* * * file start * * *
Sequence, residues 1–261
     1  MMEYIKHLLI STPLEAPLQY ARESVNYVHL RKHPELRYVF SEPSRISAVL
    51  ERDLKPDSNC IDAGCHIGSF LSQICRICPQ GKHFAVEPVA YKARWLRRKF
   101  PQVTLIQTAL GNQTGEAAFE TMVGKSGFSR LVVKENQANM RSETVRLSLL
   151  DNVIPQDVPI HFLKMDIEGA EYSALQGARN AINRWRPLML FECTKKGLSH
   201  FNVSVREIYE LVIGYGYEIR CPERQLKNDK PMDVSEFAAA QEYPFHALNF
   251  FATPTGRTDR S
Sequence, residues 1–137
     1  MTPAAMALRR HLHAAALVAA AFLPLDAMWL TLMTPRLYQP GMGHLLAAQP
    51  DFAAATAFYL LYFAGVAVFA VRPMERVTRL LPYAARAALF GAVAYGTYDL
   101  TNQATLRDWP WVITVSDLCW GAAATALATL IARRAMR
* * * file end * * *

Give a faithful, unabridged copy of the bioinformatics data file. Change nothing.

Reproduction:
Sequence, residues 1–261
     1  MMEYIKHLLI STPLEAPLQY ARESVNYVHL RKHPELRYVF SEPSRISAVL
    51  ERDLKPDSNC IDAGCHIGSF LSQICRICPQ GKHFAVEPVA YKARWLRRKF
   101  PQVTLIQTAL GNQTGEAAFE TMVGKSGFSR LVVKENQANM RSETVRLSLL
   151  DNVIPQDVPI HFLKMDIEGA EYSALQGARN AINRWRPLML FECTKKGLSH
   201  FNVSVREIYE LVIGYGYEIR CPERQLKNDK PMDVSEFAAA QEYPFHALNF
   251  FATPTGRTDR S
Sequence, residues 1–137
     1  MTPAAMALRR HLHAAALVAA AFLPLDAMWL TLMTPRLYQP GMGHLLAAQP
    51  DFAAATAFYL LYFAGVAVFA VRPMERVTRL LPYAARAALF GAVAYGTYDL
   101  TNQATLRDWP WVITVSDLCW GAAATALATL IARRAMR